For those of us who haven’t consumed copious amounts of Apple-flavoured Kool-Aid, the the posthumous over-the-top comparisons of Steve Jobs to Edison, Einstein, Da Vinci, etc., have been more than a little hard to take.
Fortunately, sanity is starting to return to the conversation.
Malcolm Gladwell, largely riffing off the new biography by Walter Isaacson, wrote an interesting piece for the New Yorker that might (finally) lead people to question the great man theory that has developed around the Apple co-founder.
Gladwell argues that rather than being a great innovator, Jobs was more of a tweaker, someone who took others’ ideas and refined them through the force of his ruthless perfectionism and vision. Apple wasn’t the first to produce a personal computer, MP3 player or smartphone. Rather, Apple (read Jobs) tweaked those products and tied them to a closed universe of related software and devices to create a seamless, clean design experience for the end user. Far from minimizing this achievement, however, Gladwell argues that such tweakers are crucial to any era of great technological transformation. He points to similar figures in Britain’s industrial revolution who enhanced other people’s inventions.
I would also argue that by showing the average person the useful and friendly side of technology, Jobs also brought a sense of order to a messy era of change wrought by the electronic age. In that sense, Jobs was the (semi-benign) great tech dictator. Tales of his tantrums, narcissism, petulance, rudeness and vindictiveness, of his poor treatment of employees, and of him stealing others’ ideas, as well as his infamous perfectionism and the relatively closed nature of Apple’s platforms (compared to other tech companies), support this reading of him. Indeed, the collective, near-global mourning after his death bear many hallmarks of a cult of personality.
(Why artists and creative types love Apple so much is more of a puzzle than explaining the appeal of Apple’s products to the average user, given artists’ free-thinking ways. It may have something to do with Jobs having simplified technology to the point where they can simply create with it in a worry-free way.)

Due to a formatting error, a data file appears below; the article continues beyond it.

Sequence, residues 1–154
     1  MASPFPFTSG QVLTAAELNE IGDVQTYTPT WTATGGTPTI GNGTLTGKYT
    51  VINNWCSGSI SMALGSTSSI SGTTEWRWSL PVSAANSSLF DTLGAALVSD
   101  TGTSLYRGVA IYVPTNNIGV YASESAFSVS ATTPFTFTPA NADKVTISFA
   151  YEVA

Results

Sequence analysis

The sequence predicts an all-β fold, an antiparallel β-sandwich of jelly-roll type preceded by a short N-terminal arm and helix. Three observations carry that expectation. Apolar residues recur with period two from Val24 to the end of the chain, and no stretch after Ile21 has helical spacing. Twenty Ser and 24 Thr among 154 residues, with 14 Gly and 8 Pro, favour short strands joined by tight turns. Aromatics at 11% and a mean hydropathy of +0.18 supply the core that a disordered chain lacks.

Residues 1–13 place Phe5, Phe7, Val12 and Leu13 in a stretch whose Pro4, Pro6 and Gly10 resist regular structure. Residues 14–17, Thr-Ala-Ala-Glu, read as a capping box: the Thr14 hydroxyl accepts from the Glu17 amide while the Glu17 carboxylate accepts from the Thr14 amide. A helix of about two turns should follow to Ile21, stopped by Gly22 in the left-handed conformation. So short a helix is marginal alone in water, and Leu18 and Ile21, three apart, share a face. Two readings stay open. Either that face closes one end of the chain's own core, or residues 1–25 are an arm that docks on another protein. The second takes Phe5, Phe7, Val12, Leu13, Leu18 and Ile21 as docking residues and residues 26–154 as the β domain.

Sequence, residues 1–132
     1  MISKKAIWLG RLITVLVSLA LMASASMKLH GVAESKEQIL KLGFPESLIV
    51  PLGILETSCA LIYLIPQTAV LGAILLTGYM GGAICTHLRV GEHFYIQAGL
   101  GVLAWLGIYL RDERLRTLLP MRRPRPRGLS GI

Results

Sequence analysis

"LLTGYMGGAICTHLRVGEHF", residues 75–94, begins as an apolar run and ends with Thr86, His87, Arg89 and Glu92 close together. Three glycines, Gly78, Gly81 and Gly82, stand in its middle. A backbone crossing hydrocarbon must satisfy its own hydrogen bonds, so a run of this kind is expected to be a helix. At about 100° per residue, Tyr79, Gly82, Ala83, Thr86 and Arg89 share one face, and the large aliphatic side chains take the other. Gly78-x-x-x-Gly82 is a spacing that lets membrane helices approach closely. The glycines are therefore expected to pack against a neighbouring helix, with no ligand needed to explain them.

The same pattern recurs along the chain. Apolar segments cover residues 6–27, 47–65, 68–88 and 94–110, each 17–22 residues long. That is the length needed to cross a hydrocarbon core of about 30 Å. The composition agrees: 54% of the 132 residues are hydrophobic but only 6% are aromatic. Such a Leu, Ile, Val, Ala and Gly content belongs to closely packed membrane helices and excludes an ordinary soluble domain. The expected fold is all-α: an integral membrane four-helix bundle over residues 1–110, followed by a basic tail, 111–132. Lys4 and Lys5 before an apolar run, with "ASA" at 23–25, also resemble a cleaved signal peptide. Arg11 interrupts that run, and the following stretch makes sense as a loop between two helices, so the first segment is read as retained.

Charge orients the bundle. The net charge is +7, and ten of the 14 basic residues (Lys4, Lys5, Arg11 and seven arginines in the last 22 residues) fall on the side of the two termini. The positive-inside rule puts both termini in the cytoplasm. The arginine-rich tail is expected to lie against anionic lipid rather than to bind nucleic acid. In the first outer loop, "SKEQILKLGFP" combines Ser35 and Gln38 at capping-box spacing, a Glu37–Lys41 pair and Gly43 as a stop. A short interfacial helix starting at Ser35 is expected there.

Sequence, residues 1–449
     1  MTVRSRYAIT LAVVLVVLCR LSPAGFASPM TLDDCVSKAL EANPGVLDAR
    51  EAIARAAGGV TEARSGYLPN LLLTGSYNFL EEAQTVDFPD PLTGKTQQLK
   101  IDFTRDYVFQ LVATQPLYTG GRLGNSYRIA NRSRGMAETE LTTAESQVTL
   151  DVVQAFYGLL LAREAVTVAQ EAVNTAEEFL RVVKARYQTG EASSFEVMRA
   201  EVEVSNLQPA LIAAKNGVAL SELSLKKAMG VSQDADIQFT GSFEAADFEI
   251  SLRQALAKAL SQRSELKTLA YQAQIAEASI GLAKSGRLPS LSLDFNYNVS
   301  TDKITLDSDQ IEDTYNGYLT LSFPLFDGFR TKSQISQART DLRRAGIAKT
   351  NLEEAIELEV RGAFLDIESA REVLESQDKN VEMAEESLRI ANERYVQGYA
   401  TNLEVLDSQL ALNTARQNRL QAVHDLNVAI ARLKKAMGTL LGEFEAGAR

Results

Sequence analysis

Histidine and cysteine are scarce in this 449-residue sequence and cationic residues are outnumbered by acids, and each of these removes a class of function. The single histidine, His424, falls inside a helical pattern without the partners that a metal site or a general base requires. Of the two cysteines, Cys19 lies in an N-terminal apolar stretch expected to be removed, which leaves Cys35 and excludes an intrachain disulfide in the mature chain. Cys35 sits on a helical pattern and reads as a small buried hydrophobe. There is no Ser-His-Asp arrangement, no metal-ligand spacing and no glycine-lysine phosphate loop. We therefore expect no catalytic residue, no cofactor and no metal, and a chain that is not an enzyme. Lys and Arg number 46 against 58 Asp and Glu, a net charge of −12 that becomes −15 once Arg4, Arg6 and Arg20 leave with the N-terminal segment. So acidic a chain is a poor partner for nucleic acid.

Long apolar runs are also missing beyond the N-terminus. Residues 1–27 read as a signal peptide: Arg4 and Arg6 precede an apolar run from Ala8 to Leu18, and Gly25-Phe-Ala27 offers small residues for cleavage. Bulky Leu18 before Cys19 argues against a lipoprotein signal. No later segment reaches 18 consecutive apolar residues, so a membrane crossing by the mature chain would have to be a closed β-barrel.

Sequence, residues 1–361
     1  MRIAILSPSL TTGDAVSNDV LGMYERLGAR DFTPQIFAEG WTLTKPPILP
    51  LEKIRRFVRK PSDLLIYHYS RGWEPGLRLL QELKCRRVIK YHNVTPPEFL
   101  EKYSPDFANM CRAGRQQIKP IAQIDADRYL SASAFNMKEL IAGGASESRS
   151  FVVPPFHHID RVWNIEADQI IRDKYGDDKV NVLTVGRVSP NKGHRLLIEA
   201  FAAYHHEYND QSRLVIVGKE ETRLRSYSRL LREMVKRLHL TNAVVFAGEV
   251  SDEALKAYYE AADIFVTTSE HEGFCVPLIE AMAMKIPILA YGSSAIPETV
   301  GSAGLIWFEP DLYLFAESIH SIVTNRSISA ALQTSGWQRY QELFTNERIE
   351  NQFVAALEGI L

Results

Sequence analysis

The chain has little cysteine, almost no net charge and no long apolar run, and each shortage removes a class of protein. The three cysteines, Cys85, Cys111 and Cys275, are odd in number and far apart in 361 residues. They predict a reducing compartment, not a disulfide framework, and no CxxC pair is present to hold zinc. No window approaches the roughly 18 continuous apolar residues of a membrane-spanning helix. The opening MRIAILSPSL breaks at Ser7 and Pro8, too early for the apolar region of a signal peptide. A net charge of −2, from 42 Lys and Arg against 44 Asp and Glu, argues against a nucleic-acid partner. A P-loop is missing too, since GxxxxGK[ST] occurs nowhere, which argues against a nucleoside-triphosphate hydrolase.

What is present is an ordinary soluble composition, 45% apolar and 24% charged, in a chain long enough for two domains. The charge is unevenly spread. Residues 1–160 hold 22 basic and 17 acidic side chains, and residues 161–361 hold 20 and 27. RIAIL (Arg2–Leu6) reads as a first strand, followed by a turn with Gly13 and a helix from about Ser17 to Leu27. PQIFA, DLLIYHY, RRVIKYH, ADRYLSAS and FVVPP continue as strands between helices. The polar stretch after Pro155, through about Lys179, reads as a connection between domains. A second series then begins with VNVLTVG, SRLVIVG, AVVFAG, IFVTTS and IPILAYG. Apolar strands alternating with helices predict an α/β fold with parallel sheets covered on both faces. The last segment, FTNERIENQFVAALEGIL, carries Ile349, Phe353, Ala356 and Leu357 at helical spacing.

But to say that Jobs singularly towered over the computer age is to minimize the achievements and innovations of other contributors that come readily to mind, including Intel, Google, Research in Motion, Xerox, IBM, Amazon and Microsoft (whose co-founder, Bill Gates, Jobs considered to be “unimaginative,” despite Jobs’ own copycat ways). Many others have also fundamentally transformed how we do various everyday tasks in the information age, and Jobs refinements and tweaks came in reaction to what was going on around him, and us. (He also wasn’t the only tweaker out there.)
To my mind, Jobs greatest talent was in marketing. Part of his genius lay in his ability to convince people that his products solved problems they didn’t even know they had, and that they were worth double or triple the cost of those made by his competitors. He also seemed to have had the kind of forceful personality that kept Apple on a path aligned with his vision. (It will be interesting to see if the company can stay on that path, or whether in his absence it becomes the next Sony.)
So there’s no question there was an aura of greatness surrounding Steve Jobs. But was he on the same level as Edison, Einstein or others whose insights and innovations truly and almost singlehandedly revolutionalized our world? I think that’s a bit of a stretch.